Holiday cottages in East Dorset

See all holiday cottages in Dorset

If you do choose a holiday cottage in east Dorset, then you're within reach of the New Forest, which lies mainly in neighbouring Hampshire. The New Forest is a large National Park, which is actually far from New; in fact it's over nine hundred years old. The area is made up of over 200 square miles of native deciduous and coniferous woodland, heaths, bogs, streams and estuaries. In it you'll find ponies, cattle and pigs roaming freely, as well as a vast array of other plants and animals. If you're in Dorset on a cycling holiday then you might want to get pedalling over to the New Forest to explore over 100 miles of Forestry Commission owned offroad tracks. This is also great walking territory, and there are abundant footpaths offering a nice variety of scenery. Needless to say, there are plenty of options for accommodation in East Dorset and into Hampshire; log cabins, family-sized lodges, campsites, hotels and B&Bs.

Poole, down the coast from Bournemouth, is one of Dorset's best-known seaside resorts, with a natural harbour, bustling key and good beaches. One of these beaches, Sandbanks, is the proud winner of fourteen European Blue Flags, awarded for safety and cleanliness. The Cockle Trail guides visitors around the town, showing off a romantic seafaring and trading history and taking in impressive Georgian and medieval buildings. In summer, Poole takes on a somewhat continental atmosphere with alfresco dining offering fantastic evening views across the harbour. Poole is also famous for its pottery. The official 'Poole pottery' has been produced for over 130 years, and you can visit both the showroom and the factory outlet in Poole.

For active holidaymakers, there are plenty of exhilarating watersports going on in Poole. As well as power boating and jet skiing, the sheltered harbour is a great place for learners to try out sailing, windsurfing, wakeboarding or kite surfing. In fact, Poole is home to 'Animal Windfest', the premier UK wind and kite surfing championship. If you fancy something a bit quieter there are some nice gardens and parks around Poole, including the impressive Compton Acres and nearby Upton Country Park, where you'll find a merchant's house, a formal garden, woodland and parkland open to the public. Just out of town is the Tower Park complex, which includes the Splashdown water park, bowling alley and a cinema. There's also the Courtyard Centre, a working craft centre which hosts regular workshops and serves a lovely cream tea.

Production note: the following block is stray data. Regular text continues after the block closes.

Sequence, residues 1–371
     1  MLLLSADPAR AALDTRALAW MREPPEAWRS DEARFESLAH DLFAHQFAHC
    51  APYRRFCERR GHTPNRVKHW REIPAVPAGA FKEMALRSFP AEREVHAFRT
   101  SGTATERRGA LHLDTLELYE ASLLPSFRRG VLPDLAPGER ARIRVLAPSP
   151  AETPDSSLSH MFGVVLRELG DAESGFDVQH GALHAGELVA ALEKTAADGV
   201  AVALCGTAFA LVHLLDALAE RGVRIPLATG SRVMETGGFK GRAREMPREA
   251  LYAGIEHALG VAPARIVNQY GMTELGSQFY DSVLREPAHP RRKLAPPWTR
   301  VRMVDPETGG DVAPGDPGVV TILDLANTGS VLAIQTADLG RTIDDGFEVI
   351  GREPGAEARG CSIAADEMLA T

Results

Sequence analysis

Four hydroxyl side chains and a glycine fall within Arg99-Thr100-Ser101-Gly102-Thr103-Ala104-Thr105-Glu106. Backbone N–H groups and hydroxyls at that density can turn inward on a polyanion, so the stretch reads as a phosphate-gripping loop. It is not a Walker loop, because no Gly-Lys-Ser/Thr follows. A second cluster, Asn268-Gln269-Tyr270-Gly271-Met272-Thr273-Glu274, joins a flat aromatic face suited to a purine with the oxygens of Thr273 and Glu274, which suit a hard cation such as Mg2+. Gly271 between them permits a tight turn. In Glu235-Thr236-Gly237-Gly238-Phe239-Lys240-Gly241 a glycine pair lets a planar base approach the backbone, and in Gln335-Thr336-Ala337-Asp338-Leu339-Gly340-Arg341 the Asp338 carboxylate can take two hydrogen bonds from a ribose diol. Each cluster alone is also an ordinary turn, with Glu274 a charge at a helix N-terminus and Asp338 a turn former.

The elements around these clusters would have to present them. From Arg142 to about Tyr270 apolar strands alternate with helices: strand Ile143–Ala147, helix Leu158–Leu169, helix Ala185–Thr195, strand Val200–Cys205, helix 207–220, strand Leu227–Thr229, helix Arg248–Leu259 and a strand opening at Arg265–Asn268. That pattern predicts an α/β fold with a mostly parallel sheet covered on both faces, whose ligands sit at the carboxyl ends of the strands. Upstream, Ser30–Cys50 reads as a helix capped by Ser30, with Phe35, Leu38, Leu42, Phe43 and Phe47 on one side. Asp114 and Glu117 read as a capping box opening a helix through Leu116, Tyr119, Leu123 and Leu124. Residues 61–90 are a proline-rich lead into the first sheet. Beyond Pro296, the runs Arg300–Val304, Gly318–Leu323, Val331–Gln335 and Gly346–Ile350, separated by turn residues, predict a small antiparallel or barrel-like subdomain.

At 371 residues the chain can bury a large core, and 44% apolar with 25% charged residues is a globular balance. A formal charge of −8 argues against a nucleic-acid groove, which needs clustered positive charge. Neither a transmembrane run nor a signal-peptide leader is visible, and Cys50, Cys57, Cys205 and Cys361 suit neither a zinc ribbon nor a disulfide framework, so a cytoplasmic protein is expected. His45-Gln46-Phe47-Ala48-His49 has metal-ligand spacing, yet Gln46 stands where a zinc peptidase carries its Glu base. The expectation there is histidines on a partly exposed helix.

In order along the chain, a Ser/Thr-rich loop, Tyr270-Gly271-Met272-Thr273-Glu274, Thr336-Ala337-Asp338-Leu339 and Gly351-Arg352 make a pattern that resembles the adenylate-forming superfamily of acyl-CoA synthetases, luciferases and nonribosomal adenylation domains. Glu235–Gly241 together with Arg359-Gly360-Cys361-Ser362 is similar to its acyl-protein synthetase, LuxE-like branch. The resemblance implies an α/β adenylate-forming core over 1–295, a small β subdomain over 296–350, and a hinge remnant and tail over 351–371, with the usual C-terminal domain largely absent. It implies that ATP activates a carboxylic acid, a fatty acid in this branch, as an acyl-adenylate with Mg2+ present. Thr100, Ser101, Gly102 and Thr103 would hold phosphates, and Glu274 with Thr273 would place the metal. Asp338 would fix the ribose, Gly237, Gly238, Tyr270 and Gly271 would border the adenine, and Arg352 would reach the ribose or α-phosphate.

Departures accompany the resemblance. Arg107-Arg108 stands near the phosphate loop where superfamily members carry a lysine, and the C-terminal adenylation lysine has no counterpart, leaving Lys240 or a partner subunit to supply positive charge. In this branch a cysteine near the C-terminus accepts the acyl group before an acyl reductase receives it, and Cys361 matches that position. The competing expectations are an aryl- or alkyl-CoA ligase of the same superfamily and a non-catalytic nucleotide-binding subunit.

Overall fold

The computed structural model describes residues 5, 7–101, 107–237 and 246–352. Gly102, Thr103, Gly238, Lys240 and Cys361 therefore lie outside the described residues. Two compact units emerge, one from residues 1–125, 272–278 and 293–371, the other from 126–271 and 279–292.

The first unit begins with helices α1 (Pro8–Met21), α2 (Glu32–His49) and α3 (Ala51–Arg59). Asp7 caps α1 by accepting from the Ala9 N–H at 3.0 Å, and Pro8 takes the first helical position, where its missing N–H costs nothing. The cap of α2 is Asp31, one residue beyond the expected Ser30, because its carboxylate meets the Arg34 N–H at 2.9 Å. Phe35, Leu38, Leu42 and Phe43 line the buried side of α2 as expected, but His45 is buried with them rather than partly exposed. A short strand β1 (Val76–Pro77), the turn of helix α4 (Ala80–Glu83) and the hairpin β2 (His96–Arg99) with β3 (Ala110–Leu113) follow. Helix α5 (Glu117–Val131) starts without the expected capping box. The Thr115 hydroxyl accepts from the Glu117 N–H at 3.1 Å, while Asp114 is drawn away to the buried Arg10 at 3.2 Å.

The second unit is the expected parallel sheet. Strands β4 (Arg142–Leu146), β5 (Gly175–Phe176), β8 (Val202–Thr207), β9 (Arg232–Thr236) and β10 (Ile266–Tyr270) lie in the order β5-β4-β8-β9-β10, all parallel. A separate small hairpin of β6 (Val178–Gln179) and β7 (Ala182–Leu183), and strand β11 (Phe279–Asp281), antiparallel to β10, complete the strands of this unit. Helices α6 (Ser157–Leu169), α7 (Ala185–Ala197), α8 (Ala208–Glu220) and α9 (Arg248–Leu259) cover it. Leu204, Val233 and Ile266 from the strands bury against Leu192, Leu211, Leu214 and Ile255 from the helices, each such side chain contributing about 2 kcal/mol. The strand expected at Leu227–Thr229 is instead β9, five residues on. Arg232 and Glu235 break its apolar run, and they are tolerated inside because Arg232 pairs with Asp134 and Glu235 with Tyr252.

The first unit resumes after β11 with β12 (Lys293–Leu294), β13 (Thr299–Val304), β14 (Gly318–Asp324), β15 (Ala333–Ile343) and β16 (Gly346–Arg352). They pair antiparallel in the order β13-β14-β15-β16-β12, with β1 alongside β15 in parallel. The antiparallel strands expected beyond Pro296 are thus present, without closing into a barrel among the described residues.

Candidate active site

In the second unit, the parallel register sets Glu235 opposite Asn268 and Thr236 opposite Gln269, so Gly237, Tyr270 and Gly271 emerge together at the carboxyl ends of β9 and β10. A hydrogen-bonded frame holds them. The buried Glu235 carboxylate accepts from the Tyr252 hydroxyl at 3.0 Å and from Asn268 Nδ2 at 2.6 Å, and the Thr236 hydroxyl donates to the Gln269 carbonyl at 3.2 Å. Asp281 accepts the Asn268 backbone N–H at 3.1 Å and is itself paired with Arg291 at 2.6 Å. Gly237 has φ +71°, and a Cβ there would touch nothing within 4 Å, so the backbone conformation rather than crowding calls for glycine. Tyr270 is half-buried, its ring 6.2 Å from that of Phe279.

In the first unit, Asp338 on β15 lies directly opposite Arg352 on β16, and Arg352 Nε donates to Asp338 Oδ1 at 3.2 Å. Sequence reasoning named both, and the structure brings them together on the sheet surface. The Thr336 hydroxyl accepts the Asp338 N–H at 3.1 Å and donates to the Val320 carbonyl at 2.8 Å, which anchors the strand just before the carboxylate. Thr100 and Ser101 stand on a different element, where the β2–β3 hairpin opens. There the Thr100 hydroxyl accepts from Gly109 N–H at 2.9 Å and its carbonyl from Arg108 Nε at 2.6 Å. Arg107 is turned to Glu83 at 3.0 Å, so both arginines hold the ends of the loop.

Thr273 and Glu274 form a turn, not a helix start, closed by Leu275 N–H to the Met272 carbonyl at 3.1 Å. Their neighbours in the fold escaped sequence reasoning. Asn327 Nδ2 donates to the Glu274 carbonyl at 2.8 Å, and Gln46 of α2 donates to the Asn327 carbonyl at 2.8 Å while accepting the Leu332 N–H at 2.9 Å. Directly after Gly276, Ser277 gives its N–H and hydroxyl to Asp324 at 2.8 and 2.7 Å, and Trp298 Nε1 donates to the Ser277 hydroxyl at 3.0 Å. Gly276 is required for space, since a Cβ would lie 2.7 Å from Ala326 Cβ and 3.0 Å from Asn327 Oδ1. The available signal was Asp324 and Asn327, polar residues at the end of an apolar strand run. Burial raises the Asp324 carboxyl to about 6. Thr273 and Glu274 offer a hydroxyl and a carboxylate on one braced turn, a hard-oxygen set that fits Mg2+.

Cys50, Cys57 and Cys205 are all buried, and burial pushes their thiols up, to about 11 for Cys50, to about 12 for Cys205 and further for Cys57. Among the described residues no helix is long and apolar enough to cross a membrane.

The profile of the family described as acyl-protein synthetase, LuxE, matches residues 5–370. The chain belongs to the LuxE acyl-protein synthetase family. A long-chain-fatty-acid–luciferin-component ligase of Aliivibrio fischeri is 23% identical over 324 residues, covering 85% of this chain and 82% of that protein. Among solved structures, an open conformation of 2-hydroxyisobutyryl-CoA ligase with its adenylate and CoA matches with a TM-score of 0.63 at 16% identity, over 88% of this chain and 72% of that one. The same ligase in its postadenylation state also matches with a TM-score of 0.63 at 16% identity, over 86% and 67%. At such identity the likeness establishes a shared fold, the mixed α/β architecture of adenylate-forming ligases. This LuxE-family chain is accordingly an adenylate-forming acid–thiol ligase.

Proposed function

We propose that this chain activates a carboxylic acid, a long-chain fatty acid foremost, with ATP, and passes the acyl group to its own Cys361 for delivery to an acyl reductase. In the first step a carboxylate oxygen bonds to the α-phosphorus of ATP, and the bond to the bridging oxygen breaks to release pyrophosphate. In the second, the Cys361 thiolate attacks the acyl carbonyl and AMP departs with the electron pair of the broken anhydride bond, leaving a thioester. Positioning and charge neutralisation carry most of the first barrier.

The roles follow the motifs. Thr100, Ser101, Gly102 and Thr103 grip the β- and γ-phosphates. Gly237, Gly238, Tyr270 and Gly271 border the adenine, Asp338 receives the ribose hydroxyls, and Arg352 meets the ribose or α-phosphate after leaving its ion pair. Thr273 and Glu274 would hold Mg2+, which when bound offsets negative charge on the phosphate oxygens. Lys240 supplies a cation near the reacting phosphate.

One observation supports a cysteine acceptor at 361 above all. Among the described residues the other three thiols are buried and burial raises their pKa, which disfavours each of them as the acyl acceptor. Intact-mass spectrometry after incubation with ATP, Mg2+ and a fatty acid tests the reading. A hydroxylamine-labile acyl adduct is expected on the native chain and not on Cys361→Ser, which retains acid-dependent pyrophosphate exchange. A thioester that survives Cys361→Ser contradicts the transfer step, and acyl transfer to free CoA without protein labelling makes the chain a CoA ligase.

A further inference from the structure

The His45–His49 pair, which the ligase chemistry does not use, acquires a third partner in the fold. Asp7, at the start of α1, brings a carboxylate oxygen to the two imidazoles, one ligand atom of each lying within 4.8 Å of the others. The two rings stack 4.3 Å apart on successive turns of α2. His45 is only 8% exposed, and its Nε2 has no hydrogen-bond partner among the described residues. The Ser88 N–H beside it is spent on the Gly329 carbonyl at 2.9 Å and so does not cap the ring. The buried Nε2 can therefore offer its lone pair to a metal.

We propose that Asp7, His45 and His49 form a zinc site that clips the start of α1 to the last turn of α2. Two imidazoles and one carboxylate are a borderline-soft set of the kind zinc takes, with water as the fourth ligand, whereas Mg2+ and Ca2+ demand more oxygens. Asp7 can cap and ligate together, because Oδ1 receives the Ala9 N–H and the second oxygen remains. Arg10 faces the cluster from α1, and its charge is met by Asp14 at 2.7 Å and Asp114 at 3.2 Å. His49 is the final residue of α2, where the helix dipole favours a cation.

If you do pick a cottage for a summer trip in or near Poole, then Brownsea Island is a must for a peaceful day out. Be warned though: you will need to pay both for the ferry and a 'landing charge' on arrival. Part-owned by the National Trust and by Dorset's Wildlife Trust, Brownsea nature reserve is home to a vast range of wildlife, including the rare red squirrel. If you pop into the Visitor and Education Centre you can learn about the island's interesting history; it's the birthplace of the Scout and Guide movement. You'll also enjoy peaceful walks (with no traffic to disturb you) and perfect picnic spots.

Wareham itself is a pretty market town. In its early days, the town suffered regular raids by the Vikings and was captured by Canute in 1016. Wareham's earthen walls were subsequently raised for protection. The grassy banks now surround a cluster of buildings, many of them of historic interest. The 'Wall walk' offers views over the River Piddle (that'll cause a few giggles!). You can also take a boat trip on the river Frome. There are lots of pubs and traditional tea rooms for refreshments. If you're in self-catering accommodation nearby then you can stop off at the weekly market, and perhaps catch one of the regular farmers markets, for some high-quality local fare.